I never had a runaway until I had a runaway. In my case I can see and hear what is going on in the observatory and if all else fails I can power the entire setup down buy simply unplugging two UPS units in my house.

Setting up a remote system is easy, setting up a reliable remote system isn't.

#8 Mittag56

Mittag56

    Mariner 2

  • *****
  • Posts: 236
  • Joined: 08 Jul 2009
  • Loc: West Amboy, N.Y.

Posted 21 June 2013 - 03:50 PM

My LX200 10 inch is 15 feet away and I have to use kill switch...I purchased one of those rf remote power switches...and keep it in my hand....only had to use a couple times..but easyer than tripping over stuff to get to extension cords...would love to monitor with a camera or better yet wire on some switches..

#9 nitegeezer

nitegeezer

    Apollo

  • *****
  • Moderators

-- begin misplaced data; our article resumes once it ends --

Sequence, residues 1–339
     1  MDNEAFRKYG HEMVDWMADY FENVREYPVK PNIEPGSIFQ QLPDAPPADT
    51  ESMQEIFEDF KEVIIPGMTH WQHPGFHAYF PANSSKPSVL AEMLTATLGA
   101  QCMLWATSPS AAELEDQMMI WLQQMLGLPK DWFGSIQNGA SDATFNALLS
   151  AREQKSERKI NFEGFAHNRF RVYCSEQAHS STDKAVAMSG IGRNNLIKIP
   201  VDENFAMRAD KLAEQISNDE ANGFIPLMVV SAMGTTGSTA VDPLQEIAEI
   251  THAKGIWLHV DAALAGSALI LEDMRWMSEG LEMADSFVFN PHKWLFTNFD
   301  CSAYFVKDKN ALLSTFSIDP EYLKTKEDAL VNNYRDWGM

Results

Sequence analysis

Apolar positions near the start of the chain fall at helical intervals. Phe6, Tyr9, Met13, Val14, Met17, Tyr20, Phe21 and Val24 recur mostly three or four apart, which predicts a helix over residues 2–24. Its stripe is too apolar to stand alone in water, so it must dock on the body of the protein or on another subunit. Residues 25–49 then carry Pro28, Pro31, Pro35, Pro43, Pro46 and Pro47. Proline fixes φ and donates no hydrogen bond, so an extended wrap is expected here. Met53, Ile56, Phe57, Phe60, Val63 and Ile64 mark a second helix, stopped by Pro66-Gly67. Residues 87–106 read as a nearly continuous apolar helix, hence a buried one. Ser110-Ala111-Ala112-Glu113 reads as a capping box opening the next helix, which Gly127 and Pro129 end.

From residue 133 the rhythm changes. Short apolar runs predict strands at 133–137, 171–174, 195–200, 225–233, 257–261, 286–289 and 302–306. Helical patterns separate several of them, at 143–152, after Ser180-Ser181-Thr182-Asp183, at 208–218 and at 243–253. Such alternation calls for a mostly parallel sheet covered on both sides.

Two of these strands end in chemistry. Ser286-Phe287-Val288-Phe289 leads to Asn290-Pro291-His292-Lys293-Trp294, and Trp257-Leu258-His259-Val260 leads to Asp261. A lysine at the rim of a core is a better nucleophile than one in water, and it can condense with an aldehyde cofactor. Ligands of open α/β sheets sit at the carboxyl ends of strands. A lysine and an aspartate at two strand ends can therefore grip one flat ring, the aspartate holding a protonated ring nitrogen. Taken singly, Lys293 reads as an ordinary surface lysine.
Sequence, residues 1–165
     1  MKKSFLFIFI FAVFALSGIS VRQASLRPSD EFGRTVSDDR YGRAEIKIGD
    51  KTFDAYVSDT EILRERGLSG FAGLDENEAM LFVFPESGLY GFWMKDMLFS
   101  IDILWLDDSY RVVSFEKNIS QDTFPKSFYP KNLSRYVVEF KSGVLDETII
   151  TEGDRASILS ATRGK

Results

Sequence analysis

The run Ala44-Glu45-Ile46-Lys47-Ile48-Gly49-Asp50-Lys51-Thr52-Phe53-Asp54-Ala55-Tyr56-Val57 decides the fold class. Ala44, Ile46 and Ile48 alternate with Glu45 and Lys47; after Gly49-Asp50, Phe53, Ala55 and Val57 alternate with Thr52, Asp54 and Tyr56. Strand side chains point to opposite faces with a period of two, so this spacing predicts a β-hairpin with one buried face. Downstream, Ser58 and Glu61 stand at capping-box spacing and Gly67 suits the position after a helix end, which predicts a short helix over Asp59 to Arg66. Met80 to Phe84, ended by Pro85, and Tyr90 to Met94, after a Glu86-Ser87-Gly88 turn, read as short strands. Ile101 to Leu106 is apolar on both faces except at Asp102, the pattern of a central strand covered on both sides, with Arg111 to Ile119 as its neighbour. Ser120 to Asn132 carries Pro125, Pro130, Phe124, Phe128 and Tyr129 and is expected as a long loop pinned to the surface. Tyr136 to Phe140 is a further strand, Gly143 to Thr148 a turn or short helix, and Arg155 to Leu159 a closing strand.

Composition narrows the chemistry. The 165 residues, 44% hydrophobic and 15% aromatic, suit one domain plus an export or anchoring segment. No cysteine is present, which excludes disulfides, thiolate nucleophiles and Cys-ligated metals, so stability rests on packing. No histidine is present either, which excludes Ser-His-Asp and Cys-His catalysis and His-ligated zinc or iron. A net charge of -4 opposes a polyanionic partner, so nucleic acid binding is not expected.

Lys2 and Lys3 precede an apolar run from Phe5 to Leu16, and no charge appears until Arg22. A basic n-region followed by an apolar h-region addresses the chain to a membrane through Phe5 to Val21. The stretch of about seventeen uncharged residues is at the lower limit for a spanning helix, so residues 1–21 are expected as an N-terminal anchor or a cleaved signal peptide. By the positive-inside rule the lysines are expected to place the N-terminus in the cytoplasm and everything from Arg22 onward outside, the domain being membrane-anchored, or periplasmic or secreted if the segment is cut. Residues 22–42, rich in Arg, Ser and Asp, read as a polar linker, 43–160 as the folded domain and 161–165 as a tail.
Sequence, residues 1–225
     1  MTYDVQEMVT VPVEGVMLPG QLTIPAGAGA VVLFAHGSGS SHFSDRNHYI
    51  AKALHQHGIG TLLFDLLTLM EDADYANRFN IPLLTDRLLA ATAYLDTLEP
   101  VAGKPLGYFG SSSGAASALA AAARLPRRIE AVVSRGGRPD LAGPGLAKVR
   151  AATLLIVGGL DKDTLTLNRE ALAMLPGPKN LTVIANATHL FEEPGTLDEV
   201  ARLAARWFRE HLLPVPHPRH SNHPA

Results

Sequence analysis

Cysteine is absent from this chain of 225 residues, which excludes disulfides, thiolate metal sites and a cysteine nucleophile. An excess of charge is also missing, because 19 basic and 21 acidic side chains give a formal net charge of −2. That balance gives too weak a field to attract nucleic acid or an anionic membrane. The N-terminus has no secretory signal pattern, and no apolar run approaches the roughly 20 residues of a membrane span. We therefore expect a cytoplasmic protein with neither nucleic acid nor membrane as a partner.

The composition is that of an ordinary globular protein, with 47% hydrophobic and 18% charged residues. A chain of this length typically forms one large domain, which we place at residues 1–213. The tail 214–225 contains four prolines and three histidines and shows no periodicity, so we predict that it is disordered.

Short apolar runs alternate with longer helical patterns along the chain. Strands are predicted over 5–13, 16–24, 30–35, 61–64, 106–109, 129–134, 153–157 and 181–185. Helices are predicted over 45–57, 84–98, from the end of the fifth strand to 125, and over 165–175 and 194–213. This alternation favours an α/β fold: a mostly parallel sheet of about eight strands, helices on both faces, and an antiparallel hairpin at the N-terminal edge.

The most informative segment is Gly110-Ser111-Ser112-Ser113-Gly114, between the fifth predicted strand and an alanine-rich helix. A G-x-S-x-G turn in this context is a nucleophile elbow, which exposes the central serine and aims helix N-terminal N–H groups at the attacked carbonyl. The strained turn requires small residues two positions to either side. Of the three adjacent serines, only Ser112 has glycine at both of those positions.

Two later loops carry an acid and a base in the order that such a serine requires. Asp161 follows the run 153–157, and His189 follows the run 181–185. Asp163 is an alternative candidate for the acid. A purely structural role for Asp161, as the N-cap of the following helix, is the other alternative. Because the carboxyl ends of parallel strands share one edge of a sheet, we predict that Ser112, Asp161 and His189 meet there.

• Posts: 1291
  • Joined: 27 Nov 2007

Posted 24 June 2013 - 01:58 PM

I was just looking at DigiKey and they sell a variety of breakers at fairly low current ratings. The power supply current when tracking should be fairly low. If I were to measure the current when the scope is manually slewing at 8X, and then add a circuit breaker that would trip just above this current, is there any known failure that this would not catch? I know I would have to include a bypass switch for when I was changing objects and thus slewing at a rate higher than 8X, but during photos where I would like to step away from the scope I think this would provide the necessary protection. Motors when stalled at the hard stop should draw a lot of current, more that high speed slewing, so I guess the question is whether the breaker would trip faster than human reaction time. Am I missing something?






Cloudy Nights LLC
Cloudy Nights Sponsor: Astronomics